1. Welcome Hearth.com Guests and Visitors - Please enjoy our forums!
    Hearth.com GOLD Sponsors who help bring the site content to you:
    Hearthstone Soapstone and Cast-Iron stoves( Wood, Gas or Pellet Stoves and Inserts)

Question about thimble through brick wall

Post in 'The Hearth Room - Wood Stoves and Fireplaces' started by RugerRedhawk, Jan 19, 2013.

  1. RugerRedhawk

    RugerRedhawk Member

    Joined:
    Dec 13, 2007
    Messages:
    26
    Loc:
    Upstate NY
    I have an upland 207 I'm looking to install. It's going through an exterior wall on the first floor. There is a large section of wall that is brick for this purpose. the thing is, from the edge of the thimble there is only about 12" of brick before you hit wood studs. I thought that was too close to just use a clay thimble, so I thought I would use a section of 8" double wall pipe. Is this a good idea? Can I just butt the double wall up against the clay liner in the chimney and seal the seams with heat stop?

    Helpful Sponsor Ads!





  2. begreen

    begreen Mooderator Staff Member

    Joined:
    Nov 18, 2005
    Messages:
    54,070
    Loc:
    South Puget Sound, WA
  3. RugerRedhawk

    RugerRedhawk Member

    Joined:
    Dec 13, 2007
    Messages:
    26
    Loc:
    Upstate NY
    It's a good 3 feet from the ceiling. The old thimble was already removed. I have the double wall hear that I can use. I guess maybe I could have gotten away with the clay thimble, but since it's already gone I'll just go this route if it's acceptable. Even if it's not the prettiest.
  4. begreen

    begreen Mooderator Staff Member

    Joined:
    Nov 18, 2005
    Messages:
    54,070
    Loc:
    South Puget Sound, WA
    I'm a bit leary of using the 8" double-wall for this purpose. The two issues of concern that I have are the long term seal between the chimney tile and the pipe and the awkwardness of connecting it to the stove unless you are using double-wall connector all the way to the stove.
  5. RugerRedhawk

    RugerRedhawk Member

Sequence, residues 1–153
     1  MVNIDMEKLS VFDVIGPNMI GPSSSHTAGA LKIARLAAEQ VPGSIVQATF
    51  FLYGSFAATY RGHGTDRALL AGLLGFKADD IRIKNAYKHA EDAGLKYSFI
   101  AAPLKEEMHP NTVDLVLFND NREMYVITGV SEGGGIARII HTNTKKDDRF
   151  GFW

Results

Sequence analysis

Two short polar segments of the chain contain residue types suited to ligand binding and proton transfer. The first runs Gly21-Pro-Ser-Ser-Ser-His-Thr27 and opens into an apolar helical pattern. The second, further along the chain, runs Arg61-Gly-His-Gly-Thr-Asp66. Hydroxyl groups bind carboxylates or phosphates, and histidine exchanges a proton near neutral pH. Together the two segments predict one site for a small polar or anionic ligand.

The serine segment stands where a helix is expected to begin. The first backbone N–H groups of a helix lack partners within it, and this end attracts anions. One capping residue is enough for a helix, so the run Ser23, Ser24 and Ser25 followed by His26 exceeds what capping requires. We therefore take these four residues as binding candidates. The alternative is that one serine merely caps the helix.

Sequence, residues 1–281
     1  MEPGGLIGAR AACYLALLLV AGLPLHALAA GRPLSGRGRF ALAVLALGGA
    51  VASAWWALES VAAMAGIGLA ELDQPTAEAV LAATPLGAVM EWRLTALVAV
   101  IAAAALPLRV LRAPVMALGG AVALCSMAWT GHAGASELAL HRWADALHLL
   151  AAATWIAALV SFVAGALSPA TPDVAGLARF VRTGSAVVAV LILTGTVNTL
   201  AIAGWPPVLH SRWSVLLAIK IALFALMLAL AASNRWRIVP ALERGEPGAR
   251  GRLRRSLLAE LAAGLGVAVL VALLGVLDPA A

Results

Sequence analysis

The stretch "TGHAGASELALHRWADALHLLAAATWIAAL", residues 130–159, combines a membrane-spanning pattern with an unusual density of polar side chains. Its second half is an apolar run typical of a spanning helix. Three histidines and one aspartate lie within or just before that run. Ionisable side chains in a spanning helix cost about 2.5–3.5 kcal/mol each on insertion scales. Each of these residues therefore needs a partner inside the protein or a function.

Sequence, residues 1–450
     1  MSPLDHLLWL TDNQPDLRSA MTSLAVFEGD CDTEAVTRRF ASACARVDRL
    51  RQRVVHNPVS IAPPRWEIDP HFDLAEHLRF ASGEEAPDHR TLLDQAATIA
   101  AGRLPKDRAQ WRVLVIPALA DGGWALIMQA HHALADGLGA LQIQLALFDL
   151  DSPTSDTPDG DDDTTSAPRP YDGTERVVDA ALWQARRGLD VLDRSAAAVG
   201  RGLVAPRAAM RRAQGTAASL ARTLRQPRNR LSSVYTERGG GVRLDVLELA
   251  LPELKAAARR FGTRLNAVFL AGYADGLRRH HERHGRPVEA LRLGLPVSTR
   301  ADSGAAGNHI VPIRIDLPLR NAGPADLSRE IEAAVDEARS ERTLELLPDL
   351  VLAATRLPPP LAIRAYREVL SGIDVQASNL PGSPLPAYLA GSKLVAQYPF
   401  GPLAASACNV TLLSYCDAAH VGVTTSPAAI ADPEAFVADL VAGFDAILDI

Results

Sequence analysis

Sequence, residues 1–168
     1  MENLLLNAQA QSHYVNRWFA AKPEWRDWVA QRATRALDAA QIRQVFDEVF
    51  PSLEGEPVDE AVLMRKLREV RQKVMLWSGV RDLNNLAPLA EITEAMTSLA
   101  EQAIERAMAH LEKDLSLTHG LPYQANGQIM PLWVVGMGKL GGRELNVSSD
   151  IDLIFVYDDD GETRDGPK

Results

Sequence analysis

Joined:
    Dec 13, 2007
    Messages:
    26
    Loc:
    Upstate NY
    The end of the double wall joins perfectly with my 8" black stovepipe.

    It would be about 9" from the thimble to the stud on the interior wall. The joint between the double wall and the flue is also what was concerning me a bit, but I didn't think that having a thimble separated from a stud by 9" of brick was safe for a wood stove.
  6. begreen

    begreen Mooderator Staff Member

    Joined:
    Nov 18, 2005
    Messages:
    54,070
    Loc:
    South Puget Sound, WA
    9" is too close for a clay thimble, but now I am wondering what pipe you are using. When you say double-wall, is this class A, insulated pipe or double-wall connector pipe? If class A, you are ok. It just needs to be cemented up against the face of the chimney tile for a good seal.
  7. RugerRedhawk

    RugerRedhawk Member

    Joined:
    Dec 13, 2007
    Messages:
    26
    Loc:
    Upstate NY
    Ah, I very well could be using the wrong terms. Here are images of exactly what I'm looking to use.

    http://imgur.com/a/ZXQz0#0

    There are pics there of each end, and also one of how the stovepipe meets up with it. Thanks
  8. begreen

    begreen Mooderator Staff Member

    Joined:
    Nov 18, 2005
    Messages:
    54,070
    Loc:
    South Puget Sound, WA
    OK, no problem. Once you started describing it I thought you might be using class A. You should be ok, re-read the article and you will see this option mentioned as using double-wall insulated pipe.
  9. RugerRedhawk

    RugerRedhawk Member

    Joined:
    Dec 13, 2007
    Messages:
    26
    Loc:
    Upstate NY
    It's all cemented up, seems like a good seal. Thanks for the tips. This is in a separate workshop building, not sure I'm going to get good enough draft with the chimney that's in place.... but it's worth a shot. I don't have any cash tied up in it other than the black stovepipe. Would love if this works out though, sure beats a propane space heater! Will hook up the stovepipe and fire it up once the heat stop is cured. Thanks again.
  10. begreen

    begreen Mooderator Staff Member

    Joined:
    Nov 18, 2005
    Messages:
    54,070
    Loc:
    South Puget Sound, WA
    Take some pics! The webmaster here used to sell Uplands. He says they're good stoves.
  11. RugerRedhawk

    RugerRedhawk Member

    Joined:
    Dec 13, 2007
    Messages:
    26
    Loc:
    Upstate NY
    I definitely will. I have to clean up the area and hook my stovepipe up, hopefully test it out tomorrow night. The stove looks great, had one of the cracks on the back that I commonly read about, hopefully the heatstop on both sides will be enough to take care of it. Wish i had the screen for it, that seems like a pretty cool feature for when you are sitting by the fire.

Share This Page